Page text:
The effect of early treatment with ivermectin on viral load, symptoms an humoral response in patients with non-severe COVID-19: A pilot, double-blind, placebo-controlled, randomized clinical trial
As of December 21, 2020, there have been over 70 million cases and 1·6 million COVID-19 deaths worldwide Although the threshold is difficult to predict accurately the spread of SARS-CoV-2 is unlikely to stop before at least 50% of the population has gained immunity, either by vaccination or recovering from a naturally-acquired infection There are now promising vaccines candidates advancing to emergency regulatory approval , but there is a projected delay in global access to the level required for population impact on the trajectory of the pandemic. While efforts are ongoing to develop treatment options, relatively less attention has been devoted to evaluating drug-based transmission blocking or transmission reduction strategies. These strategies would consist in administering a drug with the aim of reducing onward transmission by those infected and could serve to reduce the burden on health system and gain time until vaccines are fully tested and scaled-up.
Ivermectin is a widely used antiparasitic drug with known partial efficacy against several single-strain RNA viruses Caly et al. reported in vitro inhibition of SARS-CoV-2 replication using micromolar concentrations of ivermectinThese findings, together with early observational evidence and ecological evidence, prompted several Latin-American countries to include ivermectin as part of the national policy for COVID-19 treatment As of December 21, 2020, there are 45 studies evaluating the efficacy of ivermectin to treat or prevent COVID-19 registered in clinicaltrials.gov, and 74 trials registered in WHO´s International Clinical Trials Registry Platform (https://apps.who.int/trialsearch/) of which at least 14 are already completed. Although some observational and case control studies as well as emerging small randomized clinical trials suggest a potential utility Yet, there is still a dearth of robust, randomized controlled trials to appropriately inform policy decisions.
This trial was designed as a pilot to evaluate whether the maximum approved dose of ivermectin in Europe could have an impact on the transmission of SARS-CoV-2 when administered early after disease onset.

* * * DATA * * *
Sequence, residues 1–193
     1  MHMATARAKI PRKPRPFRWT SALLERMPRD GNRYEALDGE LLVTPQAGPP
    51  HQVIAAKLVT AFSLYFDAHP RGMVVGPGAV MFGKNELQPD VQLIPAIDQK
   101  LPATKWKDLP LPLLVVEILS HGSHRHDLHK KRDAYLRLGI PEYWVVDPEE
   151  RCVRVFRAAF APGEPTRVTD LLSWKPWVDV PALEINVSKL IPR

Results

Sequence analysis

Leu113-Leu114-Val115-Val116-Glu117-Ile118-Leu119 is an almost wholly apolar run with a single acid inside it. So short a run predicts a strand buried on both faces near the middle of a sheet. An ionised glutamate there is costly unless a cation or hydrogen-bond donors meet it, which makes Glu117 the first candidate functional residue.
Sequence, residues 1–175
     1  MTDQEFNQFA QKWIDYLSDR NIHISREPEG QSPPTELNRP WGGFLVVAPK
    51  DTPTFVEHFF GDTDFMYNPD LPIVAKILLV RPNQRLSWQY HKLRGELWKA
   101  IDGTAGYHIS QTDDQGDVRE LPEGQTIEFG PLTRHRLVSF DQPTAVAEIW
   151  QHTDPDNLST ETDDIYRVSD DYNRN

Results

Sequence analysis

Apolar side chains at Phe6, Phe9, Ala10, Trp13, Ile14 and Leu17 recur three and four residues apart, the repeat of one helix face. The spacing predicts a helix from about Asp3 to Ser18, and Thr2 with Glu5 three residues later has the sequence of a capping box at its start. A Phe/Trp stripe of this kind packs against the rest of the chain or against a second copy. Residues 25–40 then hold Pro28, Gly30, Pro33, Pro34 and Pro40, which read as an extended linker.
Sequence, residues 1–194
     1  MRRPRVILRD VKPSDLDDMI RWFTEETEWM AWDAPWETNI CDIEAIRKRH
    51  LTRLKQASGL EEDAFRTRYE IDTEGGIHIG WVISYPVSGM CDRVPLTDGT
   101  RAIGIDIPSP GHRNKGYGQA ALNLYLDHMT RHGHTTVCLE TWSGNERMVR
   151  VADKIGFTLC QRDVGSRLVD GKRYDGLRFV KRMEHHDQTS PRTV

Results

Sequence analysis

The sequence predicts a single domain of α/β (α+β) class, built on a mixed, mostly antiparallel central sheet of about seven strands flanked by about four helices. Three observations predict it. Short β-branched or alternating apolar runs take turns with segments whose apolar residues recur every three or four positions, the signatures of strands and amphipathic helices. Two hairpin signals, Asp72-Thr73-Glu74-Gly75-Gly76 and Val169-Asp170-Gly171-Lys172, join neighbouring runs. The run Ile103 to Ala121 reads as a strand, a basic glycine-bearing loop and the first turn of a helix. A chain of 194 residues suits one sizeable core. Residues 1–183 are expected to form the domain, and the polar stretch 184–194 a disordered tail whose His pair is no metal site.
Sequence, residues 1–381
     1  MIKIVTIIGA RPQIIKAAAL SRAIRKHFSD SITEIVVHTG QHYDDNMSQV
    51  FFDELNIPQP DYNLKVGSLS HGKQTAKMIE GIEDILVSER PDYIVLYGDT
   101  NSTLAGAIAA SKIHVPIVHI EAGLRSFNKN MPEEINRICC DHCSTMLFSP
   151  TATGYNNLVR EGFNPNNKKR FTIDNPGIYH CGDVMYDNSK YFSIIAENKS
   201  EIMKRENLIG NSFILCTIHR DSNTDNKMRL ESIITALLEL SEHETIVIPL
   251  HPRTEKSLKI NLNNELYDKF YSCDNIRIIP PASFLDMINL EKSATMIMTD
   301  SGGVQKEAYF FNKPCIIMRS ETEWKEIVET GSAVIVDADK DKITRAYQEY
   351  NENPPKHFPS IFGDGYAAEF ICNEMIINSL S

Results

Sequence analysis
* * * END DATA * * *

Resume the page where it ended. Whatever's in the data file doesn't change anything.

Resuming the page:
This was a pilot, double-blind, placebo-controlled, single-center, parallel-arm, superiority, randomized clinical trial that compared a single dose of ivermectin with placebo in patients with non-severe COVID-19 and no risk factors. The trial protocol was published ], the last version of the protocol and statistical analysis plan are available as supplementary files. The protocol was approved by the Spanish national ethics committee for drug research (Hospital Puerta de Hierro Majadahonda) and by the Spanish Agency of Medicines and Medical Devices. All procedures were conducted in compliance with the latest revision of the Helsinki Declaration and Good Clinical Practice. All patients provided verbal informed consent at enrollment followed by written consent once their isolation was lifted in accordance to the EMA recommendations: “Guidance on the Management of Clinical Trials during the COVID-19 (Coronavirus) pandemic Version 2 (27/03/2020)” ]. This study is registered at ClinicalTrials.gov: NCT04390022. This study was funded by ISGlobal and the Clínica Universidad de Navarra. The funding sources had no role on the design, analysis or decision to publish the results of this study.
Consecutive outpatients attending the Emergency Room of the Clínica Universidad de Navarra (Pamplona, Spain) with symptoms compatible with COVID-19, no more than 72 h of fever or cough and a positive PCR for SARS-CoV-2 were enrolled. Patients with positive IgG against SARS-CoV-2, comorbidities considered risk factors for severe disease or COVID-19 pneumonia at baseline were excluded (detailed eligibility criteria are provided in the protocol -Supplementary file-).
2.2 Study design and oversight